No longer the exclusive domain of Buddhist monks and new age hippies, meditation is going mainstream. The newfound popularity of meditation is driven by a slew of new research in both psychology and neuroscience supporting the practice as a means of relieving stress, finding peace, and maintaining physical and mental health.
Although more Americans than ever are interested in developing a meditation practice, many more try it and find that it is just too difficult. In our fast paced, high tech, over-stimulated, multi-tasking culture, it is harder than ever to find a moment to simply sit, breathe, and clear the mind. For many people, clearing the mind seems like an almost impossible task. You can sit calmly in the lotus position and close your eyes, but the thoughts keep streaming in. It’s hard to find the off switch.
I participate in an online forum of leaders in the field of positive psychology where the challenge for beginners in starting a meditation practice was recently discussed. Via an exchange of emails between professional coaches, researchers, and mind-body scientists a slew of suggestions and ideas were put forth to help a new meditator begin their practice.
Here they are:
1. Find a point of focus and whenever the mind wanders return to the point of focus (Jeremy McCarthy)
2. The two general aspects of awareness in Buddhist meditation are concentration (i.e. sustained attention), and mindfulness (i.e. metacognitive awareness of one’s thinking process, emotions, and/or sensations). (Marcello Spinella, Associate Professor of Psychology, John Stockton University, www.snurl.com/marcello)
3. As you sit and breathe, bring your awareness to the slight cooling effect of the incoming breath on the tip of your nose, bringing your awareness point to a simple physical sensation connected to your breath. A small piece of tape at the nostrils can help to amplify the sensation if that is helpful in the beginning. (Mike Sands, Collaborative Mentoring Educator, www.stopanxietyshyness.com)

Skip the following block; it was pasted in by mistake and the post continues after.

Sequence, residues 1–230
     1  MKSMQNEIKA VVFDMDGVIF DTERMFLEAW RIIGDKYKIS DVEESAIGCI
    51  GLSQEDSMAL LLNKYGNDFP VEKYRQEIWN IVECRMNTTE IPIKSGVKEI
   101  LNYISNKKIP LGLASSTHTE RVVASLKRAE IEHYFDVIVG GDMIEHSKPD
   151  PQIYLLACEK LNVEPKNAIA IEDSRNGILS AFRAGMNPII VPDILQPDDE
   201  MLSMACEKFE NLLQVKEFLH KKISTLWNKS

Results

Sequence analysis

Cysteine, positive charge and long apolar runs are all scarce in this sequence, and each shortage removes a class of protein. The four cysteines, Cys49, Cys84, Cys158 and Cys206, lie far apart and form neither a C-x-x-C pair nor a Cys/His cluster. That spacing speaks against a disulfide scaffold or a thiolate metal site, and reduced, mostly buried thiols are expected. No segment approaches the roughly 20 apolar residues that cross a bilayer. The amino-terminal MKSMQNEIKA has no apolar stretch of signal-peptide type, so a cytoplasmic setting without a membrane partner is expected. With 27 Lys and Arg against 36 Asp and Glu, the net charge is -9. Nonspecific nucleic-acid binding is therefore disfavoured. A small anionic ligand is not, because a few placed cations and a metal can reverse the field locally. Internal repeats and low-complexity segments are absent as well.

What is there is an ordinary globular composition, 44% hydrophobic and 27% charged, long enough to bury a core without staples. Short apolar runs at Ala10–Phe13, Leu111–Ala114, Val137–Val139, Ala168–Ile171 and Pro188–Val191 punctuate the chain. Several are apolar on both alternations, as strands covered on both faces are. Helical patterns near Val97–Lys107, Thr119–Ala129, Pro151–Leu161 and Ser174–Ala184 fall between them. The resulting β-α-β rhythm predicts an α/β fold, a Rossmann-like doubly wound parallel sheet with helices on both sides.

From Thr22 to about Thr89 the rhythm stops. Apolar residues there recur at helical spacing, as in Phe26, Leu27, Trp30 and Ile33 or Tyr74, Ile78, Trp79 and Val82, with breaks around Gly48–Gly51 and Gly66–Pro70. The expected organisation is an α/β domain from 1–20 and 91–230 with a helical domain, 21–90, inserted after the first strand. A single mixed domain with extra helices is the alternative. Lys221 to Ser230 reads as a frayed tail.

4. If it helps, you can count your breaths in cycles of 4 breaths (“in-out 1, in-out 2, etc.; Mike Sands)
5. Rather than punishing yourself when your mind wanders, reward yourself for every time you manage to bring your attention back to your point of focus. “Every single re-focusing is a success.” Treat it as such because this is how you strengthen your “muscle” of attention. (Marcello Spinella)
6. Take Buddhist Monk Rinpoche’s (“The World’s Happiest Man”) advice and practice “non-meditation” to remove any pressure you might have put on yourself while “trying” to meditate. (Jeremy McCarthy)
7. Start with shorter sessions. Don’t beat yourself up if your meditation practice seems to fall apart before you get to the finish line of your 20 minute, 30 minute or 60 minute session. It is OK to start wherever you are, even if that means beginning with 5 or 10 minute sessions. You can always extend the duration later when you build up your endurance. (Jeremy McCarthy)
8. Develop a “body scanning” practice: visualize moving through the body and relaxing each area independently while observing the sensations (Megan Shean, Master in Health Science, firstname.lastname@example.org)
9. Use “alpha wave music,” to help induce a state of relaxation (also recommended for insomnia; Mike Sands)
10. Read Neural Path Therapy by Matthew McKay and David Harp. The book includes short and easy approaches to meditation that you might not find anywhere else. (Megan Shean)
11. Use HeartMath or another program for improving Heart Rate Variability. Practitioners advise to focus on your heart and feel as though you are breathing in and out through your heart. Think of something that opens your heart such as joy, gratitude, or appreciation and then observe the sensations in your heart. You can do this technique anywhere for just 2-3 minutes and try to accumulate 20 minutes worth during the day. (Karen Shue, neuropsychologist, http://www.brainandhealth.com)
12. Use an EmWave machine, a portable biofeedback mechanism, as a breath and relaxation trainer. Using the EmWave, you can observe each part of the body systematically, from the top of your head down to your feet. Notice if there are any tense parts and relax them consciously, using the flow of breath. (Megan Shean)